One year ago, Southern Neighbor Magazine published its first edition with myself as editor. It came out pretty enough, but it was a rough endeavour.
Deadlines swirled around my head, I didn’t schedule photoshoots in time, I had to reinvent the wheel when I designed the pages because I forgot how any of the software worked — the term “uphill battle” doesn’t begin to describe it.
But then the magazine was in boxes. The red ink that filled the printed strawberries on the front was nearly too saturated for the page, but I saw something. I saw a platform for this community, I saw what Southern Neighbor was always meant to be. And from then on out, I worked my hardest to have it be a megaphone for voices from this community.
And one year later — twelve months, eleven deadlines, a few (just a few) tears and probably a few too many typos — my time as editor of this magazine has run out.
Southern Neighbor is a student-led publication. The stories you read, the photos and designs you see and the effort that sews it all together are from students’ hands. And as I am finishing my last semester at UNC, so am I finishing my tenure as editor of Southern Neighbor. This letter is the last thing I’ll pen for the magazine.
It’s sad, to say that least, to be leaving Southern Neighbor. I’ve had to part with so much from my college career lately — the comfort of a lecture hall, friends, my previous conception of youth — but leaving the world of student journalism has been especially hard.
I wouldn’t have been able to get where I am today without all the editors along my path encouraging me, without my friends understanding when I had to ditch them to cover breaking news and for the amazing staff writers and photographers I’ve been blessed to be able to work with these past four years. This past year wouldn’t have been what it was without my incredible management team, our writers or the myriad of people in the community I’ve met in the pursuit of community journalism. Without all of you — columnists, community leaders, business owners — this journey wouldn’t have been anywhere near as sweet.
So what’s next? Though I won’t be around to check up on this publication that became so close to my heart, Southern Neighbor is more alive than ever. I’m from the North (way North, like killer whales on the beach North), and I noticed very quickly when I moved to North Carolina what a “southern neighbor” was.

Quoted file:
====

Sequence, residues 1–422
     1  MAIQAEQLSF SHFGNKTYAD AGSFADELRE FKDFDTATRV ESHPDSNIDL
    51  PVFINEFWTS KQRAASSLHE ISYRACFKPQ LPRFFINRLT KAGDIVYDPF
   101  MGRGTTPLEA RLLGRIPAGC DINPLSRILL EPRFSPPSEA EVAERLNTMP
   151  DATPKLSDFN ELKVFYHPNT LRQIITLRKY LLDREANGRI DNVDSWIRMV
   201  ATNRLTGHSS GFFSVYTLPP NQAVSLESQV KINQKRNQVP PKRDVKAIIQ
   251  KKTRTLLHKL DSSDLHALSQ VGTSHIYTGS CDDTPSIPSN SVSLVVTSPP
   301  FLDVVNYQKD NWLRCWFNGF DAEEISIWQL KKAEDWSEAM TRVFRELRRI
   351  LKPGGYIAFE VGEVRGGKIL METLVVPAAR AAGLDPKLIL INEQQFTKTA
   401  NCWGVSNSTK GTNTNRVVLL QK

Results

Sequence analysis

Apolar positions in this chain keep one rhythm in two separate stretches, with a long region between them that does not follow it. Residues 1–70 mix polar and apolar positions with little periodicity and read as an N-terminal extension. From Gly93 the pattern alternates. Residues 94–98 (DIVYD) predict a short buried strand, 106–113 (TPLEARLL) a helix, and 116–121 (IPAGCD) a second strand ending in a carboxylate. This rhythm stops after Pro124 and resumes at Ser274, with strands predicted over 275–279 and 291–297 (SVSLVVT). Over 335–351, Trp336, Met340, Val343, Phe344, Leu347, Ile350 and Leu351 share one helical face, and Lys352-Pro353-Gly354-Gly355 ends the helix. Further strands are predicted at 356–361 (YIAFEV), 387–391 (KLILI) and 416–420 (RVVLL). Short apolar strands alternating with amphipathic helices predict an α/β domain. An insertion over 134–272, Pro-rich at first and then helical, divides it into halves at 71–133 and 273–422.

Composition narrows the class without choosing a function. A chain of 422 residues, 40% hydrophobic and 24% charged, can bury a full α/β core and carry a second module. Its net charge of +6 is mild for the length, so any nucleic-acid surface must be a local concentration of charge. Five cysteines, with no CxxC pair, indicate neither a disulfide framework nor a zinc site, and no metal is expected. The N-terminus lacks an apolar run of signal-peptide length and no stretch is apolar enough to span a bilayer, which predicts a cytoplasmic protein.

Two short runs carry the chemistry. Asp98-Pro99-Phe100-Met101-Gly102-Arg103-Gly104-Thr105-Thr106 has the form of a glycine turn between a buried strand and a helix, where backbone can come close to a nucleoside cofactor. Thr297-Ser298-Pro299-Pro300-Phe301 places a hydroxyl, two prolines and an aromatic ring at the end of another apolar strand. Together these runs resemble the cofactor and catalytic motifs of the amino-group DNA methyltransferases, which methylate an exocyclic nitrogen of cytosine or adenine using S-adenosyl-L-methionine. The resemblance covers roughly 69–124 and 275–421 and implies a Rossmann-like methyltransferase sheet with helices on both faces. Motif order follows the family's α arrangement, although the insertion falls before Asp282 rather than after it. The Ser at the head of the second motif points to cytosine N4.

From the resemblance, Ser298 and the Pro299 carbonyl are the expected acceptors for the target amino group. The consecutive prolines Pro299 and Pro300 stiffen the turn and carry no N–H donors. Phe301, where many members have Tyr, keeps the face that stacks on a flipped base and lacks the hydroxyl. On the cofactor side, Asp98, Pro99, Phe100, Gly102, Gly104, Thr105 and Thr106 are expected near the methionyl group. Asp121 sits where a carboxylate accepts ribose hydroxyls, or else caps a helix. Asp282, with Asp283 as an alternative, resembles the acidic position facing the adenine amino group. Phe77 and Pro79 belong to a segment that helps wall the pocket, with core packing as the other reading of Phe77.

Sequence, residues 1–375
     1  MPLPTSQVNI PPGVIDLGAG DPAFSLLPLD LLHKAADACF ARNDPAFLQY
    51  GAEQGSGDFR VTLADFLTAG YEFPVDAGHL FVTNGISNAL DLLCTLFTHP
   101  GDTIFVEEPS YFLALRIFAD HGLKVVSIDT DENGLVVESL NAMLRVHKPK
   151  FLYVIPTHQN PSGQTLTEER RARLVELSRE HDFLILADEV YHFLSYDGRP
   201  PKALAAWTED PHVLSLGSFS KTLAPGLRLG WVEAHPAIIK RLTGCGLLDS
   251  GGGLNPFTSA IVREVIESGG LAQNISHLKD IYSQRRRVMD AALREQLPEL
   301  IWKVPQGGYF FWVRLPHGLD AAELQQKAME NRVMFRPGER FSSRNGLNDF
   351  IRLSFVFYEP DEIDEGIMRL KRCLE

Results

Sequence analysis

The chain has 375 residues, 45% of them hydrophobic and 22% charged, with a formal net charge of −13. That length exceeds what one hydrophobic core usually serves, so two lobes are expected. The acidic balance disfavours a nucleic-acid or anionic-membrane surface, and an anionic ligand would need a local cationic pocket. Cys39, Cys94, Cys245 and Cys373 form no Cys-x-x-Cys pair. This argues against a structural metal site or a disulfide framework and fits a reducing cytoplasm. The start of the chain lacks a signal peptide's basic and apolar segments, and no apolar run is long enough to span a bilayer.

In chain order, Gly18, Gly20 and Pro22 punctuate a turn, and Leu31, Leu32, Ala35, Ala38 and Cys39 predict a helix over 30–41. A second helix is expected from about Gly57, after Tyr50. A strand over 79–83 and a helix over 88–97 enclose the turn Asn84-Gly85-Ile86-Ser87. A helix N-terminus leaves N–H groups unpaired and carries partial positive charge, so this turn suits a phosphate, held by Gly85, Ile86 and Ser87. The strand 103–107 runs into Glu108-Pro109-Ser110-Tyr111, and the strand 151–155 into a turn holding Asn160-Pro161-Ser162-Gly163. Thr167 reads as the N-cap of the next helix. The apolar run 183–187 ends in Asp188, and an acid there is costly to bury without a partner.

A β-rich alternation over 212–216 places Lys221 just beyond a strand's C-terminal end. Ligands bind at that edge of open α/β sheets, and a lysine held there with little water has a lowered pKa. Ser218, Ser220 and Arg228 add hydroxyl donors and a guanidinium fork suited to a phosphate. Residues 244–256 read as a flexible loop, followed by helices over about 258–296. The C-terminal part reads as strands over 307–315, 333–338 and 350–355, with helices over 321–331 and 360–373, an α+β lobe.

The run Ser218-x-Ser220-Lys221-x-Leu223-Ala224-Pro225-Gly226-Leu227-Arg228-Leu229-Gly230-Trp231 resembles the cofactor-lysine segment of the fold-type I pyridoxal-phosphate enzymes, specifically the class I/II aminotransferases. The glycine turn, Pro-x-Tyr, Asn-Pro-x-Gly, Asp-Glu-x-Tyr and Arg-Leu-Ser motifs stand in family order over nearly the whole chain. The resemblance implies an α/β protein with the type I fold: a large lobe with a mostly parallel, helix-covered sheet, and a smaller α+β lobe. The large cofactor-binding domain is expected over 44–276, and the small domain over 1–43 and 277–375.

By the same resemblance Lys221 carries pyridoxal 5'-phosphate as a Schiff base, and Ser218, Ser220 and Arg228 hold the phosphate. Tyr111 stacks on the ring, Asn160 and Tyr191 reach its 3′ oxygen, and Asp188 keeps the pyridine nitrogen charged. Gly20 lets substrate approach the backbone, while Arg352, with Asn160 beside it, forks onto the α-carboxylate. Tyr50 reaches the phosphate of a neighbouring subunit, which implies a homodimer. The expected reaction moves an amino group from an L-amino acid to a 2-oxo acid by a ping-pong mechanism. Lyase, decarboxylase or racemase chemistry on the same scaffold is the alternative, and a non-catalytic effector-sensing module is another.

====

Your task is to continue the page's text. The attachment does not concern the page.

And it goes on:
A southern neighbor has enough food for all the neighbor kids on a summer evening. A southern neighbor raises their right hand oh so slightly off the steering wheel to salute the passing car. A southern neighbor makes you feel welcome.
In my all too short twelve months, I met and spoke with business owners and community members that could use Southern Neighbor as a platform for their voice. With our community column series I hoped to create a space for people to share what was important to them. I sought after stories that highlighted parts of this community that aren’t always visible. I wish I could have 12 more months, and then 12 more, to continue these efforts. Not only did I want to create Southern Neighbor, but I also wanted to be a southern neighbor to whomever this publication touched.
We’ve always tried to cultivate a sense of community and familiarity with this publication. Now more than ever communities must band together to support one and other, and I hope — even in the most minute way — Southern Neighbor has helped in that endeavour. My greatest hope is that we did something that affected this community — its people, businesses and groups — in a positive way.
Though I will miss the landscape of student journalism, I know it is rife with the problem of institutional knowledge. My editorship was set at one year, I tried to absorb as much institutional knowledge as I could, learn as much about the infinite communities that dot our readership as I could, but I know in ways great and small I probably failed. The communities I tried to spotlight were only the larger needles I could find in the haystack. For everyone else, I lament not being able to tell your stories.
I might be stepping off the helm of this publication but I promise, for me, that hope to illuminate everyone’s stories doesn’t end with Southern Neighbor. I’ll always be here, trying my best to make a difference.